Monday, November 3, 2014

Why Do You Run Without Shoes?



     Last week I completed 3,000 miles of running without shoes. People often ask, “Why do you run barefooted?”. Two answers top the list: 

  1. It brings back good childhood memories. In my childhood, I took off my shoes as soon as the weather was warm in the spring and I enjoyed it. 
  2. Running without shoes is a good parable for life.

     Here are a few of things I have observed from this experience: 
  • Life is painful. Often people ask, “Doesn’t it hurt to run without shoes?”. Yes. It often hurts to run with shoes. If I avoid everything in life that is uncomfortable, I will not accomplish many important things. According to Paul, our hope is in our pain. Romans 5:1–5 Edwin Friedman said, “A leader is one who increases his toleration for pain in himself and others.” Planned, chosen, and managed pain can bring growth. Philippians 3:7–15
  • Many big things can be accomplished by doing little things consistently. Hebrews 12:1–3 When I started running without shoes in the Spring of 2010, I began with walking a few minutes without shoes. The next week, I ran 1/4 mile shoeless; the next week, 1/2 mile; the next week, 3/4 mile; the next week, 1 mile. Then I added a mile each week until I was running without shoes all the time. My feet and leg muscles, as well as the bottom of my feet, adjusted to the new challenges and cooperated without injury. Bible study, saving money, becoming competent in any field of study or skill can often be achieved by persistent progress in small steps.
  • Important areas of life demand a commitment, not a trial. A lady came beside me to discuss my lack of shoes in the Franklin Classic 10K run and after some discussion said, “I’ve thought about trying barefoot running.” You don’t try it; you commit to it to see the benefits. Many things demand a commitment, not a trial, to receive the rewards: living for Jesus, marriage, life’s work.
  • Many people will think you are weird. I need to ask myself, “Are you doing what you are doing because you think it is best or to please other people and escape criticism?” Galatians 1:10 I should make decisions on what is best to glorify God and produce growth in my life.
     I don’t think everybody needs to run or run without shoes. I have been blessed by 45 years of running and the last four and a half years without shoes, have been enjoyable and beneficial.

Thursday, October 2, 2014

If You Need a Minister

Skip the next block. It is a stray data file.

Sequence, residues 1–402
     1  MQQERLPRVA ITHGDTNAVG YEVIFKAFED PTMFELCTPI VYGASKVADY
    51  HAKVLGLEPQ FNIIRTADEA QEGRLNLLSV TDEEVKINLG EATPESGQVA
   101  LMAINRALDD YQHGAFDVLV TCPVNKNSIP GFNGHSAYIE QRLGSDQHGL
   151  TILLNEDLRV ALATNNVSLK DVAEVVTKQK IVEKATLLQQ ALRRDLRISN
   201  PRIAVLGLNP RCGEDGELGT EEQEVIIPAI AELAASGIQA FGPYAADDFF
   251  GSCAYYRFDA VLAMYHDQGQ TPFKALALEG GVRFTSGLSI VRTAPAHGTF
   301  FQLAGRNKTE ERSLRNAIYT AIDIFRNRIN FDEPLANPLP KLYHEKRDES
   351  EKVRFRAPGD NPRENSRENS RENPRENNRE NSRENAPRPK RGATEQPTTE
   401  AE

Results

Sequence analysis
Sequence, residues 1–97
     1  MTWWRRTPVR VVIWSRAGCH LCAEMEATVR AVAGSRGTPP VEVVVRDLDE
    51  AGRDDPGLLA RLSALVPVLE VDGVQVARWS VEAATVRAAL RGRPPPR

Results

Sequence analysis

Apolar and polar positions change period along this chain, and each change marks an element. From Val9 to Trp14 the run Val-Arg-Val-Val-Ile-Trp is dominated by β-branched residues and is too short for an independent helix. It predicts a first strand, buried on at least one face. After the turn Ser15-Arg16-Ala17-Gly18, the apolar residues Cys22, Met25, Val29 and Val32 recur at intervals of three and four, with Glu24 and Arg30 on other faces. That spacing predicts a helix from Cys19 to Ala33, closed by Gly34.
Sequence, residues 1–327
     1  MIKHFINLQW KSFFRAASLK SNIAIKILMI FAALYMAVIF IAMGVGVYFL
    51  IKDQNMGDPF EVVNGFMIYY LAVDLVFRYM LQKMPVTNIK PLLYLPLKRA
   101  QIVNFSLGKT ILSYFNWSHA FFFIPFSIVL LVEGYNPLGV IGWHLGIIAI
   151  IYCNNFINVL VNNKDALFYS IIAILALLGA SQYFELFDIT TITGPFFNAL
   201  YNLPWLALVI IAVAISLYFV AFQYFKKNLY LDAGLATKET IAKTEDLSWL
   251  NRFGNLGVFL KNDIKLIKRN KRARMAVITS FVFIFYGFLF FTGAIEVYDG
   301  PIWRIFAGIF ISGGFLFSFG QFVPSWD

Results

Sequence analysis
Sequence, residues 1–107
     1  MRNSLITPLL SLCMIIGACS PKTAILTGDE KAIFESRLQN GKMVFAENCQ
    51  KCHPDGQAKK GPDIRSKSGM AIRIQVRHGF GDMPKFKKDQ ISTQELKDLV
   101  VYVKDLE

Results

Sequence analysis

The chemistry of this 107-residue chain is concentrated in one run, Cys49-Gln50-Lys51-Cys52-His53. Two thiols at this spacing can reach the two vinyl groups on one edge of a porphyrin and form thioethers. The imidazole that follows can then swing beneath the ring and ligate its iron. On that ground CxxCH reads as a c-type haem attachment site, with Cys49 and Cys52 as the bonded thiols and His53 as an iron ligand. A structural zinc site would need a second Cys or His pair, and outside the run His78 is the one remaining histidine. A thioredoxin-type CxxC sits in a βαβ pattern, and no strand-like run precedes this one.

When you need to find a new preacher, how do you do it? “We’ve just always invited some men in, let them preach, listen to comments from the congregation — either written or by word — then hire the man we think is the best.” That is the answer I often hear.
     Could that be improved?
     Last week, I reread If You Need a Minister: practical advice for hiring your next minister, by Will Perkins. At Maury City, we are ready to begin the preacher search. There is a training session scheduled for Sunday afternoon for the men who will be leading the selection. I obtained a copy for each man on the team.
     Will, in a concise way, outlines and suggests an approach that involves beginning with thinking and planning rather than just doing what we have always done. I think he has some practical suggestions that would be good to consider by any congregation looking for any minister position.
Contents: 
     Introduction
     Before You Begin
     Who Are You?
     What Are You Looking For?
     The Search Process
     A Final Word
     Sample Job Posting
     Sample Interview Questions
     Sample Work Agreement
     You can buy this book by clicking this link: If You Need a Minister .
     What suggestions do you have for the selection process?

Friday, September 5, 2014

A Tuesday Wedding Has Lasted



     The past two weeks have been a great time of reflection and thanksgiving.

     August 18 was the 50th anniversary of our marriage.  Gail and I were married August 18, 1964 at the Tuscumbia Church of Christ in Tuscumbia, Alabama.  It was a Tuesday.  How many weddings have you attended on a Tuesday afternoon at 5:00?

     Why would anyone do that?  When we decided to get married, I was making $65.00 a month, preaching at four different churches.  I couldn't afford to miss a Sunday.  They told me we needed to practice for the wedding.  We practiced on Monday, got married Tuesday, returned from our honeymoon on Saturday so I could preach on the next Sunday.

     On our honeymoon, we had $150.00 in travelers checks for the trip.  We went to Rock City in Chattanooga, Gatlinburg, and Cherokee, North Carolina.  On the way from Chattanooga, we had to replace a fuel pump in South Pittsburg, Tennessee.  That was $20.00.

     We had a good time and returned home with a $10.00 travelers check.

     God has been good to us these fifty years.  I am thankful for the Tuscumbia church for providing our wedding and reception.  They had been Gail's and Brenda's (Gail's sister) sponsors at Childhaven since they came there in 1950.